“Don’t forget to call, Narges. Your father already called and thanked them, but you should too. It would be a nice gesture, even though we don’t normally do this kind of thing on Eid. Lamb is not a light expense, especially now with inflation rampant and the sanctions. I just pray every day that you, brimful of blessings, will go to California, and God will just force sense into these presidents. Anyway, have you started packing?”

           “No. I have time. I’ll start today.”

           “Naargeesssss,” she sighed, “I’ll see you in a few hours.” 

           In anticipation of her move, Narges’s manager had stopped assigning her projects, and she was home much more often. In what seemed like an effort to keep both Narges and herself as far away from quick sands of thought about the impending emigration, Narges’s mom would shake up the house at every opportunity, bellowing gossip over the phone while pacing outside Narge’s closed door, slamming cupboards and knocking over light furniture. And even when her mother wasn’t home, she would call and talk incessantly. 

           Her mother had left the stove on low. Its blue flame kept the tea warm. Narges lifted the teapot from atop the kettle and watched first the dark, Ceylon tea pour into a quarter of her cup, and then hot water take over the rest, creating the perfect hue of amber. She took a few sips of her tea as she turned down the staircase to the garage and yard. The site before her shocked even the morning thirst for tea out of her. 

           On either side of the lamb’s body, her father-in-law had painted the letter “N” in purple. A crown of woven, white flowers circled its head, drooping down the outer sides of its ears. A short, cheap, lace veil draped from the crown over other parts of its body. A necklace made of fake, cherry-sized pearls hung around its neck. Red carnations around each ear. Each hoof glistened with cubic zirconium anklets. It was a lamb dressed as a bride, a gift to Narges, Mr. Masoud’s newest daughter-in-law. 

           Heels planted into the ground, the lamb flapped its bottom lips against its top. Jaw to the left, jaw to the right, champing away at rose petals in the yard. Its gaze passed through Narges, who had now managed to squat on the porch with her tea set beside her, but her lips were still parted and her eyebrows still furrowed. Her left hand with the ring—white gold with three, inset briliyan diamonds—was fisted and under her chin, as she watched the lamb snap its neck up and then back down. A patch of ornamental grass caught its attention, and it trotted towards it.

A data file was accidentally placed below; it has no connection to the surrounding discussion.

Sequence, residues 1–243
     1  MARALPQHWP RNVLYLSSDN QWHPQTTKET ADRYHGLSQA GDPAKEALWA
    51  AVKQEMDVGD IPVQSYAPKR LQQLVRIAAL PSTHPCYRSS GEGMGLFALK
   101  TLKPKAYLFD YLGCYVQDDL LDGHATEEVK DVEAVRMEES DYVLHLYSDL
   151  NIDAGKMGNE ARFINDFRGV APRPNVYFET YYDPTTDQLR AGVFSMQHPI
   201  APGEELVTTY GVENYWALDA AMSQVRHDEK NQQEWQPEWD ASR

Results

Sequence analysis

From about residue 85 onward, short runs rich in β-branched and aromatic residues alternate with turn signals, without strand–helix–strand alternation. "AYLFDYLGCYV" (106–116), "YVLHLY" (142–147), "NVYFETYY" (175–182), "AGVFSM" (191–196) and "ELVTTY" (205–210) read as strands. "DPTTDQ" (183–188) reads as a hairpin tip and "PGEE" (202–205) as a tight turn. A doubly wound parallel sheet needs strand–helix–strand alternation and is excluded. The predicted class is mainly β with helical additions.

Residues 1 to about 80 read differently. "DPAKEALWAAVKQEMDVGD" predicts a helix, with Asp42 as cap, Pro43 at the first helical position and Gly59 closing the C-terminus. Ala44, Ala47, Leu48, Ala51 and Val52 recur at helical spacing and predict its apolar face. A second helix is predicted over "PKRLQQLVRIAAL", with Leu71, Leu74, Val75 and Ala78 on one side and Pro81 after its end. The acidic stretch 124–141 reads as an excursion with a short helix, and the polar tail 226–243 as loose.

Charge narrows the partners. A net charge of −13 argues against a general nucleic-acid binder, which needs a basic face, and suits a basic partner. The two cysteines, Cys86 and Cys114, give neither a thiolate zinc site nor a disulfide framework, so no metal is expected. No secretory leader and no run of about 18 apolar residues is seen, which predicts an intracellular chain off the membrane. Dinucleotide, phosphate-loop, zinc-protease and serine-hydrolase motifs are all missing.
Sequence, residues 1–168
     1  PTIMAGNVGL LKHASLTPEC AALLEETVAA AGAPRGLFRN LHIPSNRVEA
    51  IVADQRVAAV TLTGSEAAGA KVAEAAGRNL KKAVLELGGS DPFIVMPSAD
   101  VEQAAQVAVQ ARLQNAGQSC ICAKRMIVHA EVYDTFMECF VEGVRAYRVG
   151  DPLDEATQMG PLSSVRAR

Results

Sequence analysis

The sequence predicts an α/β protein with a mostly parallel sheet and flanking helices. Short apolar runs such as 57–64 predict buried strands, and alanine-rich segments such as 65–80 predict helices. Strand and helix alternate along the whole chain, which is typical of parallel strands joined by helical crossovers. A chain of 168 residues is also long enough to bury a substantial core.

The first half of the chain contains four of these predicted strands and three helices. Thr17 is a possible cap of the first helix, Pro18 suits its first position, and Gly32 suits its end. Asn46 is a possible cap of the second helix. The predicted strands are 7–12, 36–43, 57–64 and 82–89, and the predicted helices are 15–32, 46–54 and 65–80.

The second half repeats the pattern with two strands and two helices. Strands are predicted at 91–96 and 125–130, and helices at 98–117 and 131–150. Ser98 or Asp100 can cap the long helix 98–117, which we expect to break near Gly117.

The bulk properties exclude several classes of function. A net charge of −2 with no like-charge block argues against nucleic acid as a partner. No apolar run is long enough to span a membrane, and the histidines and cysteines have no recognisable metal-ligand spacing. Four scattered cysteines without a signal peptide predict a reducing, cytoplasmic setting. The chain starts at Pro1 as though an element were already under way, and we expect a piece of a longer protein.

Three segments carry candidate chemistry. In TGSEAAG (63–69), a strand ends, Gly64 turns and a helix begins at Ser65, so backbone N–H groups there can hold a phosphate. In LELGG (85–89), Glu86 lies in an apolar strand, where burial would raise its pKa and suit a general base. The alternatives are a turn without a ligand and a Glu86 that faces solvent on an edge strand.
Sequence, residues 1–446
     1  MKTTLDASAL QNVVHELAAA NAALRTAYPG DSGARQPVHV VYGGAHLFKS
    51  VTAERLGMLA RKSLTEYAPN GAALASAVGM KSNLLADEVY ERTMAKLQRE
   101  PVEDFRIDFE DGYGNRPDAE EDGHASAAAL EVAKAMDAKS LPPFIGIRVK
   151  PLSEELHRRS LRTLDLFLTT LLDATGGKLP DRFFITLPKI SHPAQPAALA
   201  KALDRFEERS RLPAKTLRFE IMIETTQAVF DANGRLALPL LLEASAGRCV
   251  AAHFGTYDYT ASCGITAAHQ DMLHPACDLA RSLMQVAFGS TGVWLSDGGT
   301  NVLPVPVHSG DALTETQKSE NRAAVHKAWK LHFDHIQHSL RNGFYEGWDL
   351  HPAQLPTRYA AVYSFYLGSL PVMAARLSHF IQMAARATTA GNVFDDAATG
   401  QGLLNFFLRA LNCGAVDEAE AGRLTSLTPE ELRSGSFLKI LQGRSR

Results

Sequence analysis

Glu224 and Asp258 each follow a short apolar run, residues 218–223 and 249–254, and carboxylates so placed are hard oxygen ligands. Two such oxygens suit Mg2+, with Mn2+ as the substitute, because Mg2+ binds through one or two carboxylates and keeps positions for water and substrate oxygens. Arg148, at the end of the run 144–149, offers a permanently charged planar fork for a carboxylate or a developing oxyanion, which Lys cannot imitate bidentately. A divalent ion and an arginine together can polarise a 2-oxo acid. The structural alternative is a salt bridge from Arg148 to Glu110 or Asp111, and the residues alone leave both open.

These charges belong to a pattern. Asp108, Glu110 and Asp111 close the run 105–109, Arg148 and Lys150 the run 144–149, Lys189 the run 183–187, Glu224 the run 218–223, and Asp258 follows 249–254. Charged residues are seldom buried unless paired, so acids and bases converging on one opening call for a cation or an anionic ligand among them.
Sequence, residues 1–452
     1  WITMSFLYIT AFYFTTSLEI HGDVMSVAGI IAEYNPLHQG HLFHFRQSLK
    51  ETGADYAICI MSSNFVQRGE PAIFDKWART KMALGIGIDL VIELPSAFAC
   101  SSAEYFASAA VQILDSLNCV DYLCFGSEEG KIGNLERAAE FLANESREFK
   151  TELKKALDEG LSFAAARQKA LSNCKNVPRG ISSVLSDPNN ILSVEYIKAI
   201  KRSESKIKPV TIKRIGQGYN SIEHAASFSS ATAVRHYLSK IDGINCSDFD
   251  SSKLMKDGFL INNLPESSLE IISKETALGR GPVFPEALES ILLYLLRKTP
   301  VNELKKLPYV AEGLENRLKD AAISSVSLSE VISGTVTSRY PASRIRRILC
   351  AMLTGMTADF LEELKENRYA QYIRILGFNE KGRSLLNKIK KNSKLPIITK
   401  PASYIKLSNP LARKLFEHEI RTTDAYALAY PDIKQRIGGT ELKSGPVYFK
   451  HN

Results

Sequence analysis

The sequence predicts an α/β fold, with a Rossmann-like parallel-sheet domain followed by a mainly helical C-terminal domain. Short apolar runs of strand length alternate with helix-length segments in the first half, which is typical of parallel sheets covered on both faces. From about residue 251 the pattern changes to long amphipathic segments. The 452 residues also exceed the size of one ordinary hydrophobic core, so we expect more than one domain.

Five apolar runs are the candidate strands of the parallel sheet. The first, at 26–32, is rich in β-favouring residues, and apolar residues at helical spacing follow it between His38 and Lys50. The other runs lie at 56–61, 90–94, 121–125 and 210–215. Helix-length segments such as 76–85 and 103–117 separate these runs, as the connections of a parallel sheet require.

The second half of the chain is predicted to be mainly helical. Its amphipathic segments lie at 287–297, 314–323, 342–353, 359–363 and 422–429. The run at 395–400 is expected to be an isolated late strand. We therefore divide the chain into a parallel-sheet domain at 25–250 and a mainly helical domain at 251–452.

She must have been staring at the lamb for an hour before her cell phone rang. 

           “Alo, Salaam.” 

           “Good morning, Narges joonam.” 

           “Good evening, Hamed. How was work? You must be tired. What are you eating for dinner?”

           “I forget I’m tired when I hear your voice.”

           “How many solar panels did you install today?” 

           “I did five home inspections, and am scheduled to install panels for a house on Saturday.” 

           “Your parents sent a lamb.” 

           “Oh, they did?”

           “I have to send you a photo. They’ve marked it with N, and they’ve hung jewels all over it. It has a veil and everything. I’ve been staring at it all morning.” 

           “What? Are you serious?” 

            “Poor thing. It’s dressed like a princess. It’s too pretty to be an offering. I’ve spent more time with it this morning than I have with you all month.”

           There was silence.

           “You there?” she asked the dreaded question.  

           Lost call. 


           The lamb was still chewing. If it didn’t stop after a few mouthfuls of grass, she would have to find ways to distract it. Why wasn’t it tied up, she thought? And then, her cellphone rang again.  

            “I’m sorry. The connection always seems to be worse at this hour,” Hamed said.

            “Yea, it must be all those damn transnational lovers occupying our waves.” 

           They laughed before he said, “I can’t wait to see you. I know this is hard. Inshallah, it will only be for another month at most. Soon you’ll be here in California, and by then, I will have found a place for us right in the heart of San Francisco.”

            “How is that going, by the way?”

            “It’s OK. I can only find in-laws in San Leandro right now with our budget. But, I mean, when you’ve settled, and found a job, we may be able to move into something bigger, somewhere better.”